Electrochemical measurement of serotonin by Au-CNT electrodes fabricated on microporous cell culture membranes

Microsyst Nanoeng. 2020 Sep 7;6:90. doi: 10.1038/s41378-020-00184-4. eCollection 2020.

Abstract

Gut-brain axis (GBA) communication relies on serotonin (5-HT) signaling between the gut epithelium and the peripheral nervous system, where 5-HT release patterns from the basolateral (i.e., bottom) side of the epithelium activate nerve afferents. There have been few quantitative studies of this gut-neuron signaling due to a lack of real-time measurement tools that can access the basolateral gut epithelium. In vitro platforms allow quantitative studies of cultured gut tissue, but they mainly employ offline and endpoint assays that cannot resolve dynamic molecular-release patterns. Here, we present the modification of a microporous cell culture membrane with carbon nanotube-coated gold (Au-CNT) electrodes capable of continuous, label-free, and direct detection of 5-HT at physiological concentrations. Electrochemical characterization of single-walled carbon nanotube (SWCNT)-coated Au electrodes shows increased electroactive surface area, 5-HT specificity, sensitivity, and saturation time, which are correlated with the CNT film drop-cast volume. Two microliters of CNT films, with a 10-min saturation time, 0.6 μA/μM 5-HT sensitivity, and reliable detection within a linear range of 500 nM-10 μM 5-HT, can be targeted for high-concentration, high-time-resolution 5-HT monitoring. CNT films (12.5 μL) with a 2-h saturation time, 4.5 μA/μM 5-HT sensitivity, and quantitative detection in the linear range of 100 nM-1 μM can target low concentrations with low time resolution. These electrodes achieved continuous detection of dynamic diffusion across the porous membrane, mimicking basolateral 5-HT release from cells, and detection of cell-released 5-HT from separately cultured RIN14B cell supernatant. Electrode-integrated cell culture systems such as this can improve in vitro molecular detection mechanisms and aid in quantitative GBA signaling studies.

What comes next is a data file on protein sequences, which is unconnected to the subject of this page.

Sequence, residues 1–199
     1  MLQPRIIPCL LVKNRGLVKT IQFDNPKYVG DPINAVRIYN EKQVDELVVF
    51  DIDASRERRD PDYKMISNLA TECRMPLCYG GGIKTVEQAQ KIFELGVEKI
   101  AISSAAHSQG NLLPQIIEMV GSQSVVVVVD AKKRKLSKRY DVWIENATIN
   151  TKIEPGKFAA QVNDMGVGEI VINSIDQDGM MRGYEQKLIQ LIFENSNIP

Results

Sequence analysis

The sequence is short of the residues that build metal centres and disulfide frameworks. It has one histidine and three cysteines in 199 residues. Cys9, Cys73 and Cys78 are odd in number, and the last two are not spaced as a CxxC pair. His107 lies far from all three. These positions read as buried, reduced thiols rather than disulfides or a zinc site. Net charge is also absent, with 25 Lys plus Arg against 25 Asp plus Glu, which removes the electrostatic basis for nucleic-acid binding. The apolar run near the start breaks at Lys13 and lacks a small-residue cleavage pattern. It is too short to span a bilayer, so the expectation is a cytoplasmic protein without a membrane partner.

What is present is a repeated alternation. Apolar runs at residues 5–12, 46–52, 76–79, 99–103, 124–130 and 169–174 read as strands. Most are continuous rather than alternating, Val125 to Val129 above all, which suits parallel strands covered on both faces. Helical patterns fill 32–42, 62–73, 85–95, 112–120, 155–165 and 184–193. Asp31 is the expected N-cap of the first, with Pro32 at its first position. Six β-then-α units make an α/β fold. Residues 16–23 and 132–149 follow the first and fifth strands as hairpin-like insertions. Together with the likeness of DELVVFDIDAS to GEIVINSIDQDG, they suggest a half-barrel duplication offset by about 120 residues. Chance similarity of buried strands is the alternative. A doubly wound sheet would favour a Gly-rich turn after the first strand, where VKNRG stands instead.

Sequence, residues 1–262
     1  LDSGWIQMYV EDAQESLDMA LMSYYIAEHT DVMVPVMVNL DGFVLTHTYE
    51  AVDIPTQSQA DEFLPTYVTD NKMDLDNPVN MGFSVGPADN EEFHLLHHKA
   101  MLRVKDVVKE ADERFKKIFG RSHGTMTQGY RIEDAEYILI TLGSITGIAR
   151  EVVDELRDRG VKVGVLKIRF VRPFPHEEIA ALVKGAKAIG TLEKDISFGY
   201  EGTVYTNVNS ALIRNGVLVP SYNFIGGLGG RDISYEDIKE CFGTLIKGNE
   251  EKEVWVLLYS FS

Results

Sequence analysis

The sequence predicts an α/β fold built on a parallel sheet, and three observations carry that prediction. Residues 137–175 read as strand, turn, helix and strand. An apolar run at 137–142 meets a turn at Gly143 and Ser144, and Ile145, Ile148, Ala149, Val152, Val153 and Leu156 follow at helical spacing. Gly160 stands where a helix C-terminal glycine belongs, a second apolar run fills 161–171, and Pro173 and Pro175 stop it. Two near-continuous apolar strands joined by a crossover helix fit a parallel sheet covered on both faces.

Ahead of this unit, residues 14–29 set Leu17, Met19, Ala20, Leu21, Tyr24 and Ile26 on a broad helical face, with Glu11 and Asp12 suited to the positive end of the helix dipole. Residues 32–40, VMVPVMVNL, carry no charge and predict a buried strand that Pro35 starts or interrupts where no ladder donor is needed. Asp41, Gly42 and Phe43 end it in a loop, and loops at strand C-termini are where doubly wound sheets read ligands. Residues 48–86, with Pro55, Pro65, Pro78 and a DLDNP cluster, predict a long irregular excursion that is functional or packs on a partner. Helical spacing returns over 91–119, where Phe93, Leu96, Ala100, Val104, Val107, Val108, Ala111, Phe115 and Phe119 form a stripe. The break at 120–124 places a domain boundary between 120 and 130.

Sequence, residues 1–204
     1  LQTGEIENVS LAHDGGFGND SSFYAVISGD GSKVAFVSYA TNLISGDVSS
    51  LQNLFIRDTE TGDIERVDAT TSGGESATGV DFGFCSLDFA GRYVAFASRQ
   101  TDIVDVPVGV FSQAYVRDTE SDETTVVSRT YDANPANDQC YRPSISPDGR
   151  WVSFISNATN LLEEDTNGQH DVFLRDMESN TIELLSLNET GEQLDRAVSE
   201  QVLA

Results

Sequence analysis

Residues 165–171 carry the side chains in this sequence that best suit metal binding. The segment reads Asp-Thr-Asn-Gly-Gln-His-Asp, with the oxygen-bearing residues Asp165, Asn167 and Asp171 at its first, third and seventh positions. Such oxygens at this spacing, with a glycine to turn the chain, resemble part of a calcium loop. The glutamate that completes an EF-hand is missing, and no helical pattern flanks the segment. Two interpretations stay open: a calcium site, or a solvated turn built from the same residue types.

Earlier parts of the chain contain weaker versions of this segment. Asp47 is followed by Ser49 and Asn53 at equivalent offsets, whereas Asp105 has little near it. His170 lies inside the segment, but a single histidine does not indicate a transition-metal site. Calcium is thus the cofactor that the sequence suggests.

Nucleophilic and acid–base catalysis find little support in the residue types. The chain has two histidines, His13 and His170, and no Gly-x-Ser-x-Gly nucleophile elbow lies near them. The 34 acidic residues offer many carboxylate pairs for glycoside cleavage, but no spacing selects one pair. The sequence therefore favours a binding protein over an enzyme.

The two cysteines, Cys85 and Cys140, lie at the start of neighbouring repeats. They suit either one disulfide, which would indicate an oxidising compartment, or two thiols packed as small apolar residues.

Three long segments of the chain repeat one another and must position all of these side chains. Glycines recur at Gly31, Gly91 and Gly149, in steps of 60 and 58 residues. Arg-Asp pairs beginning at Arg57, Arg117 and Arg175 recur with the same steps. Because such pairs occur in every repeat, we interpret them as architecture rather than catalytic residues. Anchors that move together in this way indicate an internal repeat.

Keywords: Carbon nanotubes and fullerenes; Electrical and electronic engineering.